Homework Help

John Steinbeck states' In the end is the word, and the word is man, and the word is...

user profile pic

v4mp1r3 | Student, Grade 10 | eNotes Newbie

Posted October 20, 2011 at 2:11 AM via web

dislike 1 like

John Steinbeck states' In the end is the word, and the word is man, and the word is with man.' in his Nobel Prize acceptance speech, what does this mean?

This seems like something a vital point to steinbeck's thoughts on politics and beliefs, so i think this will really help me with my assignment.. so please interpret the quote taken.

The full paragraph says, 'Having taken God-like power, we must seek in ourselves for the responsibility and the wisdom we once prayed some deity might have. Man himself has become our greatest hazard and our only hope. So that today, saint John the Apostle may well be paraphrased: In the end is the word, and the word is man, and the word is with man.'  Please give a detailed interpretation.

1 Answer | Add Yours

user profile pic

Ashley Kannan | Middle School Teacher | (Level 3) Distinguished Educator

Posted October 22, 2011 at 11:03 AM (Answer #1)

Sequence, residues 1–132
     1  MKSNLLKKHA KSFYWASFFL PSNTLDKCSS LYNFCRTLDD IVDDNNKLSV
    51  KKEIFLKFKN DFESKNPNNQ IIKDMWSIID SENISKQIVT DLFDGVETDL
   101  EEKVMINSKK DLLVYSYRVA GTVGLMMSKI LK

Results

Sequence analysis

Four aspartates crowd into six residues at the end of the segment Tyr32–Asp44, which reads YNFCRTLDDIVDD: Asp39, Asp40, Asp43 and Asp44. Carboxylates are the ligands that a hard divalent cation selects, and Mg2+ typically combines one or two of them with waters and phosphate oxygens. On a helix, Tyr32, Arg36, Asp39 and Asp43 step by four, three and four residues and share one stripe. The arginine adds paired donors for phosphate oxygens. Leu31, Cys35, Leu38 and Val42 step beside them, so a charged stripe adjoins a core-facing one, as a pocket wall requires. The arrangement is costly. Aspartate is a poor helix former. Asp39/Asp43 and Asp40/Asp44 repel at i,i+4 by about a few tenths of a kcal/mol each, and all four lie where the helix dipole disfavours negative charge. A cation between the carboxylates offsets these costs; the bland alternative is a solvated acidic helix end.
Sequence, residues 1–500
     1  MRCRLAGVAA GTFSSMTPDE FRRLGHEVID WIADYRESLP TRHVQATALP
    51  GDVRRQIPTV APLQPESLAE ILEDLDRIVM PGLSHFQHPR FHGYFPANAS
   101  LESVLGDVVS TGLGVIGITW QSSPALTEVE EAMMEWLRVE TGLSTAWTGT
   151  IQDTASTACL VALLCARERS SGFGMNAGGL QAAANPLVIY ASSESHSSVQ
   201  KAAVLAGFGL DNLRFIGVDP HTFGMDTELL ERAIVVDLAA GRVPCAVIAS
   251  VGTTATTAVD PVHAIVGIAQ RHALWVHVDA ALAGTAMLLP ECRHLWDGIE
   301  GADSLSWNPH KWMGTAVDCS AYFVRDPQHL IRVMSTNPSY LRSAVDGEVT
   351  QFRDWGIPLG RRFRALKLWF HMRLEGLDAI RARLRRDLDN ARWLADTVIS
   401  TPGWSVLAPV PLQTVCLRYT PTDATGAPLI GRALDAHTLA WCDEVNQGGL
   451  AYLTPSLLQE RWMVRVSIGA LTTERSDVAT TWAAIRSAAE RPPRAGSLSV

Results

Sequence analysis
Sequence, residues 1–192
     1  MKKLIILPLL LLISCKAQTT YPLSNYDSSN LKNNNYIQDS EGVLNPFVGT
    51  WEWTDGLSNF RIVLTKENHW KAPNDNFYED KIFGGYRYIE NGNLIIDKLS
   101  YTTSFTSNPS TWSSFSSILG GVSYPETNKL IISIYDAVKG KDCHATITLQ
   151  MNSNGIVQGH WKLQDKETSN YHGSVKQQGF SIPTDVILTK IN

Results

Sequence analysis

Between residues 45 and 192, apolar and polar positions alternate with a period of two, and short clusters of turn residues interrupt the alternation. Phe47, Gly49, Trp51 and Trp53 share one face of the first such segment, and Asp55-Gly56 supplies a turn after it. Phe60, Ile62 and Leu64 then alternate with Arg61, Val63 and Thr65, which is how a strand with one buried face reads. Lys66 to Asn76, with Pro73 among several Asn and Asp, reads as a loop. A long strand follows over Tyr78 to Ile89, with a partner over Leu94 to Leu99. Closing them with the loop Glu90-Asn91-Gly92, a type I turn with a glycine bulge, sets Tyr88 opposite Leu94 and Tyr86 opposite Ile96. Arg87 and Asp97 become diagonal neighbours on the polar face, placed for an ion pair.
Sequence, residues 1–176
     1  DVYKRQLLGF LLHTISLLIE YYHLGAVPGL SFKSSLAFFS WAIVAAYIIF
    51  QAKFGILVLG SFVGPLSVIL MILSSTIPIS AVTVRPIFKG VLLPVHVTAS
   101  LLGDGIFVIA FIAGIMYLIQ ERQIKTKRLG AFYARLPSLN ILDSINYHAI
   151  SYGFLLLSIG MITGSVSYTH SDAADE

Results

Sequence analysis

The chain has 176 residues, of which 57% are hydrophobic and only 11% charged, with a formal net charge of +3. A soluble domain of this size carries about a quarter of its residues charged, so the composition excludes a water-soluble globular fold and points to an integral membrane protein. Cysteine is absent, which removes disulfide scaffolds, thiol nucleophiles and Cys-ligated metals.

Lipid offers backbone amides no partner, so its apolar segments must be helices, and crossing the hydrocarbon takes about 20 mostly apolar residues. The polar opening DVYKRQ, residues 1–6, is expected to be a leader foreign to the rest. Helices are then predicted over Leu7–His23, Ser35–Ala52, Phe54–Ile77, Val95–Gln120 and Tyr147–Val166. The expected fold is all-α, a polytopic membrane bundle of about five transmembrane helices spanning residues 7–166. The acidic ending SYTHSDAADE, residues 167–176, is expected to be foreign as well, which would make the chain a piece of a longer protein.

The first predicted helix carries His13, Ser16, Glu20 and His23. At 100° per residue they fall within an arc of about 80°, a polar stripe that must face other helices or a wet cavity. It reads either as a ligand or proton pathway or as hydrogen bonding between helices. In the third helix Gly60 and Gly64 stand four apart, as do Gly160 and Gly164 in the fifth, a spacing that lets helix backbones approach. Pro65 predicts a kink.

dislike 2 like

It seems to me that the particular quote offered is one whereby Steinbeck reverts to his sentimentality and his unabashed hope for humanity.  I think that Steinbeck wants to move away from a realm where faith in the external salvation is so evident.  Rather, he wishes for human beings to be the miracle that is so sought.  The very idea that he is able to speak of the creative and destructive powers that seem to simultaneously exist within human beings is a part of this.  In the idea that "the word is 'man," Steinbeck seems to suggest that modernity is defined by human freedom and the more that writers can articulate this condition, the better the chance that it will be explored and ruminated upon in a manner where there can be a hope to transform society.  It seems that Steinbeck is very much motivated with the idea that there can be a change in the world, and human beings can initiate such transformation.  This becomes critical in reading Steinbeck's works and would make sense that this is something that drives his Nobel Acceptance Speech.

Join to answer this question

Join a community of thousands of dedicated teachers and students.

Join eNotes